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#35
I prefer lossless and will seek it out over even high-bitrate lossy (e.g. 256k AAC or 320k mp3) whenever possible.

However, I prefer the idea of lossless and I feel better about it. I do not actually believe that I could reliably distinguish lossless from high-bitrate lossy in a blind test - I would guess that the best I could do would be to tell the difference reliably with some kinds/passages of music but not with most music. And in fact I have my doubts that I would easily or reliably distinguish the two in a sighted test either.

If someone told me that lossless and properly encoded high-bitrate lossy are perceptually 100% identical to 99+% of humans, I would not take that claim at face value, but I would certainly not dismiss it either.
Spot on with the idea of lossless I’m fretting with the complexity of my system re using Roon to dlna hi res to my modest KEF LSXs and HD6XX Topping E30/A50s when I know I can’t hear any difference but can’t help but feel I’m missing out on something. This gets me in a position where I’m considering Roon or Audirvana plus Qobuz when I get Apple Music bundled with my mobile. £300 per annum would be saved by not having a High Res system that can pay for real noticeable increases in fidelity over the years. I think this is the state that many audiophiles get trapped into including myself, I did have a £30k system till I moved. You keep going into the local audio dealer and demoed the latest cables, power supply and racks luckily I just couldn‘t hear any difference. It does though create a nagging itch.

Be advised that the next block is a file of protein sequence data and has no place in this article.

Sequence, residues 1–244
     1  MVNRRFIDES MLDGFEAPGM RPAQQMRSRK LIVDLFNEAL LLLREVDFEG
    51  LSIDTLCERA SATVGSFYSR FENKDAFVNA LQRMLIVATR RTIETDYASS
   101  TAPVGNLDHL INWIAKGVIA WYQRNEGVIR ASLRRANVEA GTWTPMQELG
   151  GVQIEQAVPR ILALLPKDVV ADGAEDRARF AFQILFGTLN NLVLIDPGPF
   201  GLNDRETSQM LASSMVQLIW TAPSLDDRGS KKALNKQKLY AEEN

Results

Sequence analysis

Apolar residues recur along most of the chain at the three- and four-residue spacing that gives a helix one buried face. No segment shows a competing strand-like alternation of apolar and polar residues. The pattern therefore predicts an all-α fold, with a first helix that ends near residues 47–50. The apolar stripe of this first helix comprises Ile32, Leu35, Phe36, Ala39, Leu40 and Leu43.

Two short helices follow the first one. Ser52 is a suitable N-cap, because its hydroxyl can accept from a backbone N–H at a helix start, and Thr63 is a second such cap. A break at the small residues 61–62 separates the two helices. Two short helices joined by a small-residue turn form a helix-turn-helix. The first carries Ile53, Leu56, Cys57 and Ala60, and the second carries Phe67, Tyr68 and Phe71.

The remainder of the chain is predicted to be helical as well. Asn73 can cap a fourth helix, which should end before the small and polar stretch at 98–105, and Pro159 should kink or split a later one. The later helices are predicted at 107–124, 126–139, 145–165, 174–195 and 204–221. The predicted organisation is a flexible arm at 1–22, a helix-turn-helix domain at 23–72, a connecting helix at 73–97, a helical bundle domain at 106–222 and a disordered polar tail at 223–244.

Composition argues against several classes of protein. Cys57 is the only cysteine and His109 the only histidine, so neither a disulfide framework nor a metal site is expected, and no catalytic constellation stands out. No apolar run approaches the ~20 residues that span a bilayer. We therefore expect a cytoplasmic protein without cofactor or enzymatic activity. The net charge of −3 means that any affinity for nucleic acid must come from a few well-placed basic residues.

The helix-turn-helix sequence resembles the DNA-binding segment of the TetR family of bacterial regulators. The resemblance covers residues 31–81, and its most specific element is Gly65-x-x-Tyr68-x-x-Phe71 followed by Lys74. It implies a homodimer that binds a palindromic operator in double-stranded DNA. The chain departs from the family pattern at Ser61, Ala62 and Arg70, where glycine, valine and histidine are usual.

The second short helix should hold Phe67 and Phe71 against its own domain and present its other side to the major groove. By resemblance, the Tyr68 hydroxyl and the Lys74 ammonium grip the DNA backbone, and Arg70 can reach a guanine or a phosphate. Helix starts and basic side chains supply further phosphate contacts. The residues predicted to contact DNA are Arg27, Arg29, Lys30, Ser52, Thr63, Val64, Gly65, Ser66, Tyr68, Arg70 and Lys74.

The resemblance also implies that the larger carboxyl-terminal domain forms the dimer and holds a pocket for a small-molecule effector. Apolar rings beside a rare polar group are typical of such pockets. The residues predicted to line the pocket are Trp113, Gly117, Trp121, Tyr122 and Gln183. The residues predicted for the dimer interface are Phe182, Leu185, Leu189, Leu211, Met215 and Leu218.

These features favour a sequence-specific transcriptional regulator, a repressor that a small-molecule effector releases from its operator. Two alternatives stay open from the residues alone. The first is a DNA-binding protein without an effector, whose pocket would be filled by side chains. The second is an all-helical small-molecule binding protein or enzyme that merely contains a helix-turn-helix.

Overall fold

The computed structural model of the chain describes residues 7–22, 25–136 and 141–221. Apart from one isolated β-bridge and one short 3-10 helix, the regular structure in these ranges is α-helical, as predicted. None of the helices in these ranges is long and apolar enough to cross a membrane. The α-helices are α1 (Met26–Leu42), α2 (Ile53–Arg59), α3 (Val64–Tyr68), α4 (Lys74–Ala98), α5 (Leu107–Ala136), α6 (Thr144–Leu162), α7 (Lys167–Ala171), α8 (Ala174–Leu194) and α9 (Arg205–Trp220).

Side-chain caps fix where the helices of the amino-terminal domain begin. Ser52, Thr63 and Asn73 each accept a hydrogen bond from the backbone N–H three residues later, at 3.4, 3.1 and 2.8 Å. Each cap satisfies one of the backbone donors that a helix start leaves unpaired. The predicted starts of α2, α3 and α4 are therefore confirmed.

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#36
I haven't done this since ripping CD's decades ago (when storage was the real issue), but on blind testing I could pick the lossless recording over 90% in songs with a high dynamic range -- and with much of modern music being dynamically compressed there isn't a noticeable difference. Amir also has a video where he uses blind A/B testing and is almost inerrant.

I found the biggest difference comes from clipping stray notes which are dissonant. Try the intro to Dire Straits "Money for Nothing", Brittany Spears "Toxic", Stevie Wonder "Sir Duke" (or anything off that album). Also Jazz and Classical music are much easier to pick out lossy vs lossless because you have multiple instruments playing different tones at different frequencies which is difficult for lossy compression.

All of that said, its easier to pick out something like 128k MP3 vs FLAC, and once you learn what to listen for it becomes easier for 320 vs FLAC.
 

krabapple

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#37
Actually symphonic classical isn't generally hard to lossy encode. Dynamic range is not the main factor either. Noisy high frequency content can be.

'Killer' samples -- samples that used to test lossy encoder settings, far from typically being multiple instruments or complex, have typically been things like solo harpsichord, electronic music, castanets, industrial metal, certain solo vocals. For examples . Also a discussion of what kinds of sounds are hard to encode well.

The 'tricks' Amir uses to ABX high quality mp3 from source have been discussed. They bear little resemblance to the methods and claims of audiophiles who report an absurd ability to perform nearly instant, obvious discrimination of same.